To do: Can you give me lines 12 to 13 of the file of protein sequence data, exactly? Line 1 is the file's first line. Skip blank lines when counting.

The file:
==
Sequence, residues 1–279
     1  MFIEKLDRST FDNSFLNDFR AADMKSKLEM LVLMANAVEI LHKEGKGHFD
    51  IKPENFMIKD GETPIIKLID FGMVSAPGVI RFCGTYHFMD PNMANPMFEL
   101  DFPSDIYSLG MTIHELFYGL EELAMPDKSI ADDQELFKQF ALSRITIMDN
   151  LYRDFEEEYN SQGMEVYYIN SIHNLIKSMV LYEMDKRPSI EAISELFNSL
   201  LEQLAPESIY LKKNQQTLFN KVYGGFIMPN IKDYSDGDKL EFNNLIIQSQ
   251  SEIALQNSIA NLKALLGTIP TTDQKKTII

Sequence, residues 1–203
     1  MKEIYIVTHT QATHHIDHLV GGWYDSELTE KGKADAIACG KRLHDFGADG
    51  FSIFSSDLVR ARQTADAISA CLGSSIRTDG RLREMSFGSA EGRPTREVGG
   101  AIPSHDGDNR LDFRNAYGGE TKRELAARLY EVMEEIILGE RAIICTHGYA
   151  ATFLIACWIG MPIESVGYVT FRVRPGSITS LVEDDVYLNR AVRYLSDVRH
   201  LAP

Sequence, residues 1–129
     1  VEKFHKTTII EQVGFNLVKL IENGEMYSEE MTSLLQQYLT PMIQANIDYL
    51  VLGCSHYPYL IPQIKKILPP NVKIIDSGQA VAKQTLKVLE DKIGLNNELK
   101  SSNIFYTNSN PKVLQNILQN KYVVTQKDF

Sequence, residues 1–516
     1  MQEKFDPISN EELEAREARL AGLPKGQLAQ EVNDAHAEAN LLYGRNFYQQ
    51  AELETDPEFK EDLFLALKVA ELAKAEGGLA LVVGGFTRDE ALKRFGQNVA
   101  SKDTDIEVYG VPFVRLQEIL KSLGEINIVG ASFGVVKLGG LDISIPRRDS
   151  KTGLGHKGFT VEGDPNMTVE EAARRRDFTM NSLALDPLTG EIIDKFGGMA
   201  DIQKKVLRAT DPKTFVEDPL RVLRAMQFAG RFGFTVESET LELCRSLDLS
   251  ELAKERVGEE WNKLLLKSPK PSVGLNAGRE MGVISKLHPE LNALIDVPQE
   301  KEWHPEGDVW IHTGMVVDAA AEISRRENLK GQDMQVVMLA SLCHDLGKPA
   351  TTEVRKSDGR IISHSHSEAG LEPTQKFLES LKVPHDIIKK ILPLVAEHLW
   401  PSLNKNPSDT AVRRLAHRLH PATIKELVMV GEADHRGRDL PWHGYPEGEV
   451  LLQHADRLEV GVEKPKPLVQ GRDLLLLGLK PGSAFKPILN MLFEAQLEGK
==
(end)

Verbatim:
   151  ATFLIACWIG MPIESVGYVT FRVRPGSITS LVEDDVYLNR AVRYLSDVRH
   201  LAP